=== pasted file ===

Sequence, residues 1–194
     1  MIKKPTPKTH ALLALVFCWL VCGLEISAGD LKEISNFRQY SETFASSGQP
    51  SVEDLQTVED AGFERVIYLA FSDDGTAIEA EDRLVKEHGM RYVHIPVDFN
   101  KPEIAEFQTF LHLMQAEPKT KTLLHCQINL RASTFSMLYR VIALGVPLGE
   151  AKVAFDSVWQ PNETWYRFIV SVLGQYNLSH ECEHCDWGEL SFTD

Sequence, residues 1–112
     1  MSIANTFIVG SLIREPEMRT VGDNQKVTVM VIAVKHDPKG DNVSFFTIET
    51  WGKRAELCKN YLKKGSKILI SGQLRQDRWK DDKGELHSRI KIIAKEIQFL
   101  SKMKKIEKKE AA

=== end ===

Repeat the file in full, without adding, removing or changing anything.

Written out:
Sequence, residues 1–194
     1  MIKKPTPKTH ALLALVFCWL VCGLEISAGD LKEISNFRQY SETFASSGQP
    51  SVEDLQTVED AGFERVIYLA FSDDGTAIEA EDRLVKEHGM RYVHIPVDFN
   101  KPEIAEFQTF LHLMQAEPKT KTLLHCQINL RASTFSMLYR VIALGVPLGE
   151  AKVAFDSVWQ PNETWYRFIV SVLGQYNLSH ECEHCDWGEL SFTD

Sequence, residues 1–112
     1  MSIANTFIVG SLIREPEMRT VGDNQKVTVM VIAVKHDPKG DNVSFFTIET
    51  WGKRAELCKN YLKKGSKILI SGQLRQDRWK DDKGELHSRI KIIAKEIQFL
   101  SKMKKIEKKE AA